Pete Seeger, folk singer and activist, gets own stamp


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Pete Seeger, the banjo-playing folk singer whose music was indelibly intertwined with his social activism, was honored Thursday as the latest American musician to appear on a U.S. postage stamp.

The forever stamp, which features a color-tinted, black-and-white photograph taken in the early 1960s showing Seeger in profile singing and playing his five-string banjo, went on sale at post offices nationwide, according to a U.S. Postal Service spokesperson.

A special ceremony was planned for the evening in Newport, Rhode Island, the site of the Newport Folk Festival, where Seeger was a performer and for a time a member of the board.

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“It is an honor to see a photo of my father I’d taken some 60 years ago become this wonderful forever stamp,” his son, Dan Seeger, said in a statement. “My dad did most of his correspondence by hand — written letters — and I can imagine him smiling and of course appreciating this great honor because he relied on the U.S. Mail with its simplicity and honesty, knowing that thoughts and ideas can go from the sender over a tremendous expanse to a single receiver and get delivered.”

Pete Seeger, the banjo-playing folk singer whose music was indelibly intertwined with his social activism, was honored as the latest American musician to appear on a U.S. postage stamp.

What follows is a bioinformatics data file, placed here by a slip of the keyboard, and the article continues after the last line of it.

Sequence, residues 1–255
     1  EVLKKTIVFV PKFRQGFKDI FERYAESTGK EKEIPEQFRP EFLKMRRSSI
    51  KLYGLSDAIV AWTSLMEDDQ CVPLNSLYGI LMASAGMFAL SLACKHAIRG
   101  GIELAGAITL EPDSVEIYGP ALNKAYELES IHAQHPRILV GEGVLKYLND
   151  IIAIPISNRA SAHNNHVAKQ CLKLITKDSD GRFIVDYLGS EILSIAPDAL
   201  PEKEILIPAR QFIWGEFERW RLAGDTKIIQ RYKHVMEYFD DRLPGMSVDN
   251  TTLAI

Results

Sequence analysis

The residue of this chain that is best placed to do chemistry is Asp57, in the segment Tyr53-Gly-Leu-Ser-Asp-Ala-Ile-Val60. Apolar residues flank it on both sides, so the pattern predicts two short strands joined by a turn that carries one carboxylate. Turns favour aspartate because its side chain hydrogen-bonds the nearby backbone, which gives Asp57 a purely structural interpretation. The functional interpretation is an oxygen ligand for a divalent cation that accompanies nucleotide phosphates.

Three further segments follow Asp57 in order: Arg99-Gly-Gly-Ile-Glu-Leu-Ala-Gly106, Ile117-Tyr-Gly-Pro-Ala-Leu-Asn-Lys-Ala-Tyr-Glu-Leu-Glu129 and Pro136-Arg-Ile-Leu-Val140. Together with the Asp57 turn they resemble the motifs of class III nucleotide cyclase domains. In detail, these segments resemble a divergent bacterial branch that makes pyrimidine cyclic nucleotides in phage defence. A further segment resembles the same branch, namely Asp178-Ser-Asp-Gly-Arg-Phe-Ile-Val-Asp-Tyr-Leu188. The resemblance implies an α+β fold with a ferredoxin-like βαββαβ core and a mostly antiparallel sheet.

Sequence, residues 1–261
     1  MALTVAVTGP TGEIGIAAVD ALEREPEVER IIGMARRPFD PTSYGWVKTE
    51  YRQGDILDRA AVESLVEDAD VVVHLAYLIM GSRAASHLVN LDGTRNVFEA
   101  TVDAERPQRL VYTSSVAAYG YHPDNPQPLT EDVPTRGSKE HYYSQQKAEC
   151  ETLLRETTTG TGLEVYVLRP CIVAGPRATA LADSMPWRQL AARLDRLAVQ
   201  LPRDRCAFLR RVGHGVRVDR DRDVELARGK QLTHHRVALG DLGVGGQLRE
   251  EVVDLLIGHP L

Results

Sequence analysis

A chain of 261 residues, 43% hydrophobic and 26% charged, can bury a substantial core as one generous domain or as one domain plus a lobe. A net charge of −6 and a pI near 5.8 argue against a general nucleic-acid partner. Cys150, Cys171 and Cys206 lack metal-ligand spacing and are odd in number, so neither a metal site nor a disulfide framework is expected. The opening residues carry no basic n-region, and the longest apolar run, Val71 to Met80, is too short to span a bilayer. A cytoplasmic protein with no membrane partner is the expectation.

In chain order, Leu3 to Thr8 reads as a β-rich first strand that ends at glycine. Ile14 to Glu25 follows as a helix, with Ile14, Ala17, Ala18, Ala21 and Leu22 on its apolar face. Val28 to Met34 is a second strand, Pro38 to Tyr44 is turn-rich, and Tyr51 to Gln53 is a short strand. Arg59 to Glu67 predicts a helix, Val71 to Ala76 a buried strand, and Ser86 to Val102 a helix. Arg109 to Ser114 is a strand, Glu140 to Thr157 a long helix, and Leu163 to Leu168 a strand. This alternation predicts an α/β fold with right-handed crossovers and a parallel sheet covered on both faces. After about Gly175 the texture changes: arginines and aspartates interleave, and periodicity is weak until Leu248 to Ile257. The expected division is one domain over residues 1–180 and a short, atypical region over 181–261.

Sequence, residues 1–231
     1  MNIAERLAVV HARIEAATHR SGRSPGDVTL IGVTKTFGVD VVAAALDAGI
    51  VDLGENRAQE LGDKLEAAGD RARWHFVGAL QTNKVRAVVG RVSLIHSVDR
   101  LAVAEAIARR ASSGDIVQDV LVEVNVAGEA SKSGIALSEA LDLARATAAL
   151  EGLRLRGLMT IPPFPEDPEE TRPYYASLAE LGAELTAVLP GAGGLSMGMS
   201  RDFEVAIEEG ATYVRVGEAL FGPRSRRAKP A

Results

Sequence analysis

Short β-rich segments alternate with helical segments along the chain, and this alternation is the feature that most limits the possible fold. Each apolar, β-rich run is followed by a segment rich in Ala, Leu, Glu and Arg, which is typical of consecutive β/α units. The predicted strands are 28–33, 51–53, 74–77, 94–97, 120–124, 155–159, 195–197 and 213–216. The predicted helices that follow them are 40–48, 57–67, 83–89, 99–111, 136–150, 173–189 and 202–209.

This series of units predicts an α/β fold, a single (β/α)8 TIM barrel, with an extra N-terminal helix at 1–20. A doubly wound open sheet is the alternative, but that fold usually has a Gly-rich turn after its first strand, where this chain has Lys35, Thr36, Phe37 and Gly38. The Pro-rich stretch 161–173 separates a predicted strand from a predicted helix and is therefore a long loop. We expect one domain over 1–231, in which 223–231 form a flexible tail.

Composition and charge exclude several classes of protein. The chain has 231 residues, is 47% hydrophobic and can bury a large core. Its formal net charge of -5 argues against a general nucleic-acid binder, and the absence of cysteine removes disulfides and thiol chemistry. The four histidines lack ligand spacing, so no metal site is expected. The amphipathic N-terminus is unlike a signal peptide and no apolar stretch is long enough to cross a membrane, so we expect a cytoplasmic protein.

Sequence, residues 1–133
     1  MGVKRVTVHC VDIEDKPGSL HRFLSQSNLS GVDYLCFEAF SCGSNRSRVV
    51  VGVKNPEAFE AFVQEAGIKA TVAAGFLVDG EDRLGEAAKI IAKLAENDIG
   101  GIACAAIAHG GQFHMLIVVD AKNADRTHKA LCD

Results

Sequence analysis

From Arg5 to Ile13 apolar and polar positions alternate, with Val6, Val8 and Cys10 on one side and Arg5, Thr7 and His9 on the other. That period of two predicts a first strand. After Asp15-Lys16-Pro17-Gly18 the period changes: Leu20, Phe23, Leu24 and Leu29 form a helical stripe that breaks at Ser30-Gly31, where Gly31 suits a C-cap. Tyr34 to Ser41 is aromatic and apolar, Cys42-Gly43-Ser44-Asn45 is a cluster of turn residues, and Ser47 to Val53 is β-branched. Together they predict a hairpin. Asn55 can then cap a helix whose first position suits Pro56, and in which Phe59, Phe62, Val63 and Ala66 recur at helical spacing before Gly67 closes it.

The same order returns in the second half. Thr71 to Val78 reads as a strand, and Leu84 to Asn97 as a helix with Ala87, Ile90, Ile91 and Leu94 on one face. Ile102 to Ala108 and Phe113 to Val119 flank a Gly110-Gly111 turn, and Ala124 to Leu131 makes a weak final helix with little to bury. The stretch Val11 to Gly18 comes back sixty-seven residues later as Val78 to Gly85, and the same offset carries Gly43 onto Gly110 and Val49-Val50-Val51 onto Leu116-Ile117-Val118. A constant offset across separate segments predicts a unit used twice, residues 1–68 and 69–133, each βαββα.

(AP Photo/Frank Franklin II, File)

Seeger, a Harvard dropout who died in 2014 at age 94, wrote or co-wrote “If I Had a Hammer,” “Turn, Turn, Turn,” and “Where Have All the Flowers Gone.” He is also credited with popularizing “We Shall Overcome,” an anthem of the civil rights movement.

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“He was not only a champion of traditional American music, he was also celebrated as a unifying power by promoting a variety of causes, such as civil rights, workers’ rights, social justice, the peace movement and protecting the environment,” said Tom Foti, the postal service’s product solutions vice president.

While Seeger, a lifelong activist, was exiled from commercial air play in the 1950s and 1960s after an appearance before the House Un-American Activities Committee for his Communist affiliations, his career never slowed and he continued to record and tour.

He won Grammy Awards, was inducted into both the Songwriters and Rock and Roll halls of fame, and earned both the National Medal of the Arts and the Kennedy Center Honors.

He remained an activist late into his life — walking through the streets of Manhattan leading an Occupy Movement protest in 2011.

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Seeger joins a long list of musical performers to appear on a U.S. postage stamp, including Elvis Presley, Thelonious Monk, Ray Charles and Frank Sinatra.

The Seeger stamps are sold in panes of 16 resembling a vintage 45 rpm record sleeve, according to the postal service. The stamp and pane were designed by Antonio Alcalá and the photograph was color-tinted by Kristen Monthei.



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